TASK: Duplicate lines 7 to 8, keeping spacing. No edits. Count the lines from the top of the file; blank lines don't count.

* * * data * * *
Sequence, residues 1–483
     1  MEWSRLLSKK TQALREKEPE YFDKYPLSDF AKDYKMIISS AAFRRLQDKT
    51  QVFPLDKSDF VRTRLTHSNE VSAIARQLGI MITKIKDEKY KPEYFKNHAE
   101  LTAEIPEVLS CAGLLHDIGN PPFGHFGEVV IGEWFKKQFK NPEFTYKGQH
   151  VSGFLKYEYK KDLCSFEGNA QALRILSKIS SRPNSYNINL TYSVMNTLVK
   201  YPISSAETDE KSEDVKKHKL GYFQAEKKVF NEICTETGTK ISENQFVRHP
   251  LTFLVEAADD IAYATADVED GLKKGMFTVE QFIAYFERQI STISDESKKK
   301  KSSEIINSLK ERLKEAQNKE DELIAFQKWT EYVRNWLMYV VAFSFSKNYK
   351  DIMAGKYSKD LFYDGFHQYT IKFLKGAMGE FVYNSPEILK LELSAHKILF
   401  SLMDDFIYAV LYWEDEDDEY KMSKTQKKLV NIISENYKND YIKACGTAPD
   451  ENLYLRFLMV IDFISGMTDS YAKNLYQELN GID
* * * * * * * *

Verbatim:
   251  LTFLVEAADD IAYATADVED GLKKGMFTVE QFIAYFERQI STISDESKKK
   301  KSSEIINSLK ERLKEAQNKE DELIAFQKWT EYVRNWLMYV VAFSFSKNYK